How to help your chil­dren be­come the best of friends

In the Moment - - Wellbeing -

Be a good role model

Of course we all en­deav­our to treat our chil­dren fairly. When there is an ar­gu­ment try not to take sides or lose your tem­per. If pos­si­ble, let them sort out their dif­fer­ences, but do step in if things are es­ca­lat­ing, and give each child the op­por­tu­nity to tell you their side of the story. Linda also sug­gests keep­ing your chil­dren away from ‘con­flict’ sit­u­a­tions – keep ar­gu­ments with your part­ner out of sight and sound, un­less you're sure you can han­dle them calmly and con­struc­tively.

Cel­e­brate their dif­fer­ences

If the age gap be­tween your chil­dren is small, it can be help­ful to high­light dif­fer­ences be­tween them in a pos­i­tive way, in par­tic­u­lar prais­ing each child's unique achieve­ments.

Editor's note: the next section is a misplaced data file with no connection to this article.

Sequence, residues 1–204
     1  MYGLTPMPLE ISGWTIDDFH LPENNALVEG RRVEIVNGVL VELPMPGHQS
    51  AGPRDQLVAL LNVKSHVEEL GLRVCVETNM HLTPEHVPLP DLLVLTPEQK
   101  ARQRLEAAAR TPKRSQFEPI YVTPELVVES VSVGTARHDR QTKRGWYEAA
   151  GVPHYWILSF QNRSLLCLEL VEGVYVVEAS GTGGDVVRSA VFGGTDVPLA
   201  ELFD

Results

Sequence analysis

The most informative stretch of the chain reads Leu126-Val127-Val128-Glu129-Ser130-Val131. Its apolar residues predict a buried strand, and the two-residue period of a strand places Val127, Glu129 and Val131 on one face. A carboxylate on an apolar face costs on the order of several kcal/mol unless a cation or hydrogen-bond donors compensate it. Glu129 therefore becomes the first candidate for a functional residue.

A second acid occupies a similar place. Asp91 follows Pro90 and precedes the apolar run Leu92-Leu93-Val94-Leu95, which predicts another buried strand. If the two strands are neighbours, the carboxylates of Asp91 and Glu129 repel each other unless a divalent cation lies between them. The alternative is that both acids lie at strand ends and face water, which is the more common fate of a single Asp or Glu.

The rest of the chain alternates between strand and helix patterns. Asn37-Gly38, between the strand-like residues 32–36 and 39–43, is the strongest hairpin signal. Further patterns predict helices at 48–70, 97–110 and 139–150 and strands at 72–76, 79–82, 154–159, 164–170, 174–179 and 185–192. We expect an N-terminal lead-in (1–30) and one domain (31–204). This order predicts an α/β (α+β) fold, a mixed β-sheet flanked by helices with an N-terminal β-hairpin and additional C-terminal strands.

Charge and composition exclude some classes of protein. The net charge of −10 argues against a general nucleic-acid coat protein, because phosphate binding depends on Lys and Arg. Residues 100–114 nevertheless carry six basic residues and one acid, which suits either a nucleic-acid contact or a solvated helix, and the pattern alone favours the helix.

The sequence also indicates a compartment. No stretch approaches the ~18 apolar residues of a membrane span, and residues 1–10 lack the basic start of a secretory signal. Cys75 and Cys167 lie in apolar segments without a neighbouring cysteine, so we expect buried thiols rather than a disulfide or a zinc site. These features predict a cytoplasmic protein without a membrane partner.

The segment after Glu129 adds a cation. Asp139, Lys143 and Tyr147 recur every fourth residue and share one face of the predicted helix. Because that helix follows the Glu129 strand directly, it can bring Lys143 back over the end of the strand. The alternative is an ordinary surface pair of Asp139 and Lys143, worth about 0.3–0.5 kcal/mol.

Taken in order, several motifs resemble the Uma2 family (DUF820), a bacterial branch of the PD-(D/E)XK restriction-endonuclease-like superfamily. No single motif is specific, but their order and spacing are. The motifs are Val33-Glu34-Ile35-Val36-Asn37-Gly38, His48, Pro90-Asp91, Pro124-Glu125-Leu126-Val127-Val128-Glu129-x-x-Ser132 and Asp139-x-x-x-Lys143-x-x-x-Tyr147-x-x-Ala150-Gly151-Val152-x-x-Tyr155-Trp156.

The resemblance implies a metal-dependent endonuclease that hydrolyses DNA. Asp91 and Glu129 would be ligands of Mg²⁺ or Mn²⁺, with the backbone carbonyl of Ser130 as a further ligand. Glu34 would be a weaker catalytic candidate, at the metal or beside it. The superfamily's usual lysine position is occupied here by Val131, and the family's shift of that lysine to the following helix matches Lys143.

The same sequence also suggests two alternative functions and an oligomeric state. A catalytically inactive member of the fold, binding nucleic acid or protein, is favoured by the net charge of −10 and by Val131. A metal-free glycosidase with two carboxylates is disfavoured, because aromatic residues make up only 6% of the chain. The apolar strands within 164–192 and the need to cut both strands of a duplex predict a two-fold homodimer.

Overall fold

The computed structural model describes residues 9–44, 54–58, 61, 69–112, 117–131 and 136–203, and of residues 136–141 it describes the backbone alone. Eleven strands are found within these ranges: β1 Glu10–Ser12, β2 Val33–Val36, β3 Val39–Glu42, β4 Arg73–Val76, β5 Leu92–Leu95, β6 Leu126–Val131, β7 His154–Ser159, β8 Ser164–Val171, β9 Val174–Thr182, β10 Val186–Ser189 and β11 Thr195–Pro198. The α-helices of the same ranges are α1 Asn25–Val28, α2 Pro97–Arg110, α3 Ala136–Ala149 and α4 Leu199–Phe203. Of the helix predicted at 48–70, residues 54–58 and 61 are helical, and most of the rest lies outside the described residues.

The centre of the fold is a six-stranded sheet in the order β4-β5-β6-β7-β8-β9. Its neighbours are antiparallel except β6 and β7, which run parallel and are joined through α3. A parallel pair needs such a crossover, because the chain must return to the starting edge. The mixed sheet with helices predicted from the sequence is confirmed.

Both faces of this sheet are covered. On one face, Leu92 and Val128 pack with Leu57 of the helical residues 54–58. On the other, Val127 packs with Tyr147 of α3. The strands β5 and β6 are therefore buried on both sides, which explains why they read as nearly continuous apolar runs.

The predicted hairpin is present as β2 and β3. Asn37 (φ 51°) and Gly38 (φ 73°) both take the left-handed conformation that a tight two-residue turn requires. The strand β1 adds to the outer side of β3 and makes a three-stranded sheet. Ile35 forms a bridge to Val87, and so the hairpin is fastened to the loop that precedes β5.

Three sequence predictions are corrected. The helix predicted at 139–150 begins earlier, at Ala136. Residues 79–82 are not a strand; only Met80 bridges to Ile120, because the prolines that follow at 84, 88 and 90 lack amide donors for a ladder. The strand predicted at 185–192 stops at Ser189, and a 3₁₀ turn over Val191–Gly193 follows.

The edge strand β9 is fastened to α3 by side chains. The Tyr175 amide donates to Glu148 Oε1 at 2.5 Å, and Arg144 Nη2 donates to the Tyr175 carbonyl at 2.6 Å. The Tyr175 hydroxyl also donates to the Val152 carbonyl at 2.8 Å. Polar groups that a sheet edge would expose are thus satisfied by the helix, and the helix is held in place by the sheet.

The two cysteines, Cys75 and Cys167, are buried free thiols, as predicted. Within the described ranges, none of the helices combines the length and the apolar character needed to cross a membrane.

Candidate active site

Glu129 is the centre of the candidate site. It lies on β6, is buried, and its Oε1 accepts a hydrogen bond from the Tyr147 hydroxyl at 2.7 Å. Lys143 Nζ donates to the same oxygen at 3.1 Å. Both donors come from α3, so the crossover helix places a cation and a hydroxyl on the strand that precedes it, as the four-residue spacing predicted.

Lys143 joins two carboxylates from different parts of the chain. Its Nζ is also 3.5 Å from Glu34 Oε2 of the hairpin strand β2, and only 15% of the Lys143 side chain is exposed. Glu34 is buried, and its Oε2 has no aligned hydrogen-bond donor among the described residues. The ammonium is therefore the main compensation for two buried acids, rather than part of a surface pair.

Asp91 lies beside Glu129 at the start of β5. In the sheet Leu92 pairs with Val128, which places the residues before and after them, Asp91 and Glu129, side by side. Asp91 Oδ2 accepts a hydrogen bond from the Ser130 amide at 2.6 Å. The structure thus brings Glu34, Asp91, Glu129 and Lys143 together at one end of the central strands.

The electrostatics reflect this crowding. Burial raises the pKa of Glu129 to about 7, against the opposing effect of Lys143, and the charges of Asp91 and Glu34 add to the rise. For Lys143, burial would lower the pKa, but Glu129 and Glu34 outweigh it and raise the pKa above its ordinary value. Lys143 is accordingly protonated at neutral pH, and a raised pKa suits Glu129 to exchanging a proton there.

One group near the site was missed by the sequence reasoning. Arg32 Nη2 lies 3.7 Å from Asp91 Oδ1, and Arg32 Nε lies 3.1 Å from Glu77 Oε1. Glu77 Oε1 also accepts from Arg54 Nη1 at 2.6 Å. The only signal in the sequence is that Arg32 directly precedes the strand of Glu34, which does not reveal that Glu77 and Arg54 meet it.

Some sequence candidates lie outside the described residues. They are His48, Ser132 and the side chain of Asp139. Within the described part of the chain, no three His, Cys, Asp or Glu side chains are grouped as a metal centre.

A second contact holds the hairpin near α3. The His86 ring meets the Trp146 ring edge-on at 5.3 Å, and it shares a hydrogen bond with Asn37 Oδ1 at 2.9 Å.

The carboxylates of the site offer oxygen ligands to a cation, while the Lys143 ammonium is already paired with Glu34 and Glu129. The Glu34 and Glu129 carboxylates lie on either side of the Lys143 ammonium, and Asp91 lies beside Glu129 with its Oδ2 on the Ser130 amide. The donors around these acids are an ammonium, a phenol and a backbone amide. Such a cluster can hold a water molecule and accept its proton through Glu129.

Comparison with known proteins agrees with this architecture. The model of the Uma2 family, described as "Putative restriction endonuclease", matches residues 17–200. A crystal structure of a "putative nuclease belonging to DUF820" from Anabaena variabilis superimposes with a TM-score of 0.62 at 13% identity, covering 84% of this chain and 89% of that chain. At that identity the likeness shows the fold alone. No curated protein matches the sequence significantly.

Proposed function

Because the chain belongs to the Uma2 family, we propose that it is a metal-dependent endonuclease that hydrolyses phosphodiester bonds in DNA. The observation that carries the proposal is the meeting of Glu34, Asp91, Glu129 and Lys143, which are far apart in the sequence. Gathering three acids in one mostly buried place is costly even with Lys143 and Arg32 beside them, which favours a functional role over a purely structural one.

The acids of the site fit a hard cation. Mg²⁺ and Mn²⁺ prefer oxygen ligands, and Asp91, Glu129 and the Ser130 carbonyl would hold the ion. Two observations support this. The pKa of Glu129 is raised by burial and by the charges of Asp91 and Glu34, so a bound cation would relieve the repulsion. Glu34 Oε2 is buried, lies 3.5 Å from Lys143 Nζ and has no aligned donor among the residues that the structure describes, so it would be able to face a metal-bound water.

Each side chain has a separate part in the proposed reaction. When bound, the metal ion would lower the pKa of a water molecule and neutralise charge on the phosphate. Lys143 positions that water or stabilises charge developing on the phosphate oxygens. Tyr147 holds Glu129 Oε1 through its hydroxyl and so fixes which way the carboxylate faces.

Make time for them

Spend time alone with each of your chil­dren. This is par­tic­u­larly im­por­tant when a sec­ond child arrives – if pos­si­ble, ask some­one to look af­ter the baby while you take your el­dest to the park for an hour. Don’t aban­don rit­u­als that your rst-born loved shar­ing with you.

Com­mu­ni­ca­tion is key

While sib­ling ri­valry isn’t nec­es­sar­ily bad, it’s im­por­tant not to let it get out of hand. Find non-con­fronta­tional times to talk about sit­u­a­tions that have arisen, and deal with any emo­tions or feel­ings that are still caus­ing prob­lems.

Co-op­er­a­tion, not com­pe­ti­tion

Show your chil­dren how co-op­er­a­tion can be re­ward­ing. Set co-op­er­a­tive tasks (such as build­ing some­thing to­gether) rather than com­pet­i­tive ones (who can tidy their room rst).

Play to each child’s strengths

Find an ac­tiv­ity that each child is good at – it might be art, sport or colour­ing in – and en­cour­age them to de­velop their own in­ter­ests.

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